Southampton Football Club are often complimented for their state-of-the-art facilities, including the 32,000 seater St Mary’s stadium, but what ever happened to The Dell, the Saints’ former home between 1898 to 2001?
The mid-1990s was when the people of Southampton knew The Dell wouldn’t be around for much longer, the club chairman at the time, Rupert Lowe, announced plans to move to St Mary’s on the banks of the River Itchen.
The new ground has witnessed some extraordinary sites since being made available for the 2001-02 season, with two relegations, two promotions, and fourteen managers, but things seem to have changed since the takeover of Markus Liebherr in 2009.
Everything is all very well and rosy now with St Mary’s as a UEFA 4-star rated stadium, but what ever happened to The Dell?
The Dell was the first stadium to have permanent floodlighting installed and was the home to Southampton for 103 years, including some of the club’s finest moments – including a 1976 run which ended in a win at Wembley. At the end of the 2000-01 season it was time to say goodbye to The Dell and the fans decided to strip all the seats for memorabilia, there were even some fans taking advertisement boards home with them.
Saints legend Matthew Le Tissier said goodbye to The Dell in style by scoring a last minute volley against Arsenal to win the match 3-2. A week later, the final game had taken place and it was Uwe Rosler who scored the final goal at the ground.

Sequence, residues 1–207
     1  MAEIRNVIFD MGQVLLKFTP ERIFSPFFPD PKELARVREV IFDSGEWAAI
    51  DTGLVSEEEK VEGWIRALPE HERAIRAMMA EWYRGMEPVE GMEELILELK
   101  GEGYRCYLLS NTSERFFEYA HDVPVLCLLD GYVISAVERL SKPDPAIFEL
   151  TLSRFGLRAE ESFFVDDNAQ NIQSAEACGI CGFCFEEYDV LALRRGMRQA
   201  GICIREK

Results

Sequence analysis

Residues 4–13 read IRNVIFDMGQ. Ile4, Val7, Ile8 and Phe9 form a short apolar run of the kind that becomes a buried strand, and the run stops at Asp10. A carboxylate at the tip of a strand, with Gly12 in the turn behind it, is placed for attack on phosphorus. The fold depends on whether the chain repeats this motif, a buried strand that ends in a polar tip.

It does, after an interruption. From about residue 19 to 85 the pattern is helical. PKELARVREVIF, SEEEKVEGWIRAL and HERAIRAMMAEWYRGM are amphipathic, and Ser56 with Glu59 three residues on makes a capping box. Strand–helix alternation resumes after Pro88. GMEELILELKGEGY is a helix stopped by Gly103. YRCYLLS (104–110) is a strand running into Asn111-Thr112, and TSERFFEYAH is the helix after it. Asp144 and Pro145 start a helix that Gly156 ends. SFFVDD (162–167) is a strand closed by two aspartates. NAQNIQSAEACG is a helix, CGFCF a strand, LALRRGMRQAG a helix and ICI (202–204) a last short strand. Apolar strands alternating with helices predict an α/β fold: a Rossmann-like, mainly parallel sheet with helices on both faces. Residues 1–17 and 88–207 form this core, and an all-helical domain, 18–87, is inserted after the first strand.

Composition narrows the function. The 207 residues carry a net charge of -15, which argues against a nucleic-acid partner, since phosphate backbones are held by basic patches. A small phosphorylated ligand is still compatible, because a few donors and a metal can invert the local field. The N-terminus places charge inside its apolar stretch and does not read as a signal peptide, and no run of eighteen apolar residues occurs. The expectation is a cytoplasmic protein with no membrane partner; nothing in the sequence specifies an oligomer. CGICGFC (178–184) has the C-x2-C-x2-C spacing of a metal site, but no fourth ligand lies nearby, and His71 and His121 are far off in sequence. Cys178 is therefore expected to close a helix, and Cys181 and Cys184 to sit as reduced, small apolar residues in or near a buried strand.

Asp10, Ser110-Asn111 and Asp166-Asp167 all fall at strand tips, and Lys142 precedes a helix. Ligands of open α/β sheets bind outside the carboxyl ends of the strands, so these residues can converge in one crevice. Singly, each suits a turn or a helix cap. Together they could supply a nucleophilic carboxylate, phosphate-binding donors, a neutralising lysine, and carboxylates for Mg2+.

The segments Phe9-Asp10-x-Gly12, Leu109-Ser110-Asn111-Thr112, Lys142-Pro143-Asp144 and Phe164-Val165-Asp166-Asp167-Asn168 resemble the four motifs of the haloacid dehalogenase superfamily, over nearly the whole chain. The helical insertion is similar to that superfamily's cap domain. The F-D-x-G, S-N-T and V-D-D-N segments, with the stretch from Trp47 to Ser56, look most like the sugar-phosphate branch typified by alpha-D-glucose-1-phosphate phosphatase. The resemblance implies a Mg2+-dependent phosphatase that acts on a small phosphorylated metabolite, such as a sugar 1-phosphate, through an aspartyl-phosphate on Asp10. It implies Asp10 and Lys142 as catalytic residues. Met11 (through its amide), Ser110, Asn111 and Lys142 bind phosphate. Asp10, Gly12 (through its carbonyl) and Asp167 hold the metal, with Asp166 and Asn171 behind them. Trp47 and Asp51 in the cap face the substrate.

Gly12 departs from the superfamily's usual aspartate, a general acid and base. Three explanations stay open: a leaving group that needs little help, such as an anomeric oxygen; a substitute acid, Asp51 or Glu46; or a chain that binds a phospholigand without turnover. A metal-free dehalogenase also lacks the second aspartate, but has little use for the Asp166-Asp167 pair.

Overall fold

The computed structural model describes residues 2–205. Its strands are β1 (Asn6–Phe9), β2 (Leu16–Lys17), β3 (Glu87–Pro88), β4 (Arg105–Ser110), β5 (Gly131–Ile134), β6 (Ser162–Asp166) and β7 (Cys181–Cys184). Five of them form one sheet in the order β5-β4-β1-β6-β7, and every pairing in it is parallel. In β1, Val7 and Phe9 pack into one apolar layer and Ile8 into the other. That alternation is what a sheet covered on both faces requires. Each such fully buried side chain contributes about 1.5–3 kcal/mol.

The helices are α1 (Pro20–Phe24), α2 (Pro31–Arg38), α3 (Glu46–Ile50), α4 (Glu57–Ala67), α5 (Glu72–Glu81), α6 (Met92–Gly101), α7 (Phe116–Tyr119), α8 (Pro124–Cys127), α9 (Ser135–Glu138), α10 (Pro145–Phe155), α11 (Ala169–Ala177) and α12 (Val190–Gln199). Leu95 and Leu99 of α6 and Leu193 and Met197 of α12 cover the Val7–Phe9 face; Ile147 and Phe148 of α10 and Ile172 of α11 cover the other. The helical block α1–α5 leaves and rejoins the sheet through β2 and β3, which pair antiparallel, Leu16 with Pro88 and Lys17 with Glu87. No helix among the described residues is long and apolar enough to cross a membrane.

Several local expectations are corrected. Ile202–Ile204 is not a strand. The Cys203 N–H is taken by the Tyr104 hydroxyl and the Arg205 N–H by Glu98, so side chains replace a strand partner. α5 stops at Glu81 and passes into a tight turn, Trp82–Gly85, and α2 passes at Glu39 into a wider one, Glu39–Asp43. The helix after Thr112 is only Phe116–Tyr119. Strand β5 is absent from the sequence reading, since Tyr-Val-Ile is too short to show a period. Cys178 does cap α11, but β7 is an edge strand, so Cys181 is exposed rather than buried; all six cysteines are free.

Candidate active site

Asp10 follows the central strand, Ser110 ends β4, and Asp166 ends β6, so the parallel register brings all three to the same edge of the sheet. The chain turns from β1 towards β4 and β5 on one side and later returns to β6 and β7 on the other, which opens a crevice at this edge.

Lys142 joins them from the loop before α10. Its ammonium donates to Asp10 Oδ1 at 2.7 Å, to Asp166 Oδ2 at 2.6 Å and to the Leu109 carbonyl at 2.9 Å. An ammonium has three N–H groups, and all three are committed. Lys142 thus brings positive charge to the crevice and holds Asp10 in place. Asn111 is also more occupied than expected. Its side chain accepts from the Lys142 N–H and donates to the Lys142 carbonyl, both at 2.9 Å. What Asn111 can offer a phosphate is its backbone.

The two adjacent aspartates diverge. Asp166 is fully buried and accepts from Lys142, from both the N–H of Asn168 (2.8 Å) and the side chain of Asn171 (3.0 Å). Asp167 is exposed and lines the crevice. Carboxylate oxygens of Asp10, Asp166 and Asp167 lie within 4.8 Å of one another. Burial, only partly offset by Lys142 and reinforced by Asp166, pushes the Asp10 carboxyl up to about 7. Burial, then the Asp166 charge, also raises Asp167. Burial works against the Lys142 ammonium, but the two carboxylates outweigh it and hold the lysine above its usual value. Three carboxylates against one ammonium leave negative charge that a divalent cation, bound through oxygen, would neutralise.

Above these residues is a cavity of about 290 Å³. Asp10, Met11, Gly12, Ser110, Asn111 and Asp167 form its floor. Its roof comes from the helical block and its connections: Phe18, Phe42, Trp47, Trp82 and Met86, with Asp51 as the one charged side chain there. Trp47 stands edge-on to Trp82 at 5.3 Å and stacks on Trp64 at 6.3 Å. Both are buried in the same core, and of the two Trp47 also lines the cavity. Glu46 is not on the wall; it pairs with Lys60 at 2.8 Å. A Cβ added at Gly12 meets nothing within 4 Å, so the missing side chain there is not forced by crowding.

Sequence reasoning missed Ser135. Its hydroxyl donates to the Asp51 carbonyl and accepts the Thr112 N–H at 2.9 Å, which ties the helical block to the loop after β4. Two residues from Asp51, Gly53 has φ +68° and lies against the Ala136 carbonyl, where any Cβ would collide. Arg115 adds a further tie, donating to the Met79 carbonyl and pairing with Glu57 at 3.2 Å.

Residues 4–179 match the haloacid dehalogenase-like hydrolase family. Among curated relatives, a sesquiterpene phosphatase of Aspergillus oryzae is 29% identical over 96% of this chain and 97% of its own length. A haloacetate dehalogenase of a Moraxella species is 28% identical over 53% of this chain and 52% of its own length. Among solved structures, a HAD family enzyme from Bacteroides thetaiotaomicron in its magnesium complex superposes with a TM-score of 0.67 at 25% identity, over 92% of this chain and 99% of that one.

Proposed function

Following The Dell being knocked down, a housing estate was built on the site that used to host some memorable matches, the apartment blocks on the site make up the names of former Southampton players. Le Tissier – The first midfielder to score 100 goals in the Premier League – is one of the players with their names on the apartment blocks, along with Bobby Stokes, Ted Bates, Danny Wallace and Mick Channon.
Then: The Dell; Now: The new housing estate
The Dell had been redeveloped four times over its history and was iconic for the Milton Road Stands‘ wedge-like appearance. Prior to the Hillsborough disaster, The Dell once had a record attendance of over 31,000 people watch a single match, but due to the new obligations, the stadium was eventually restricted to a capacity of 15,200.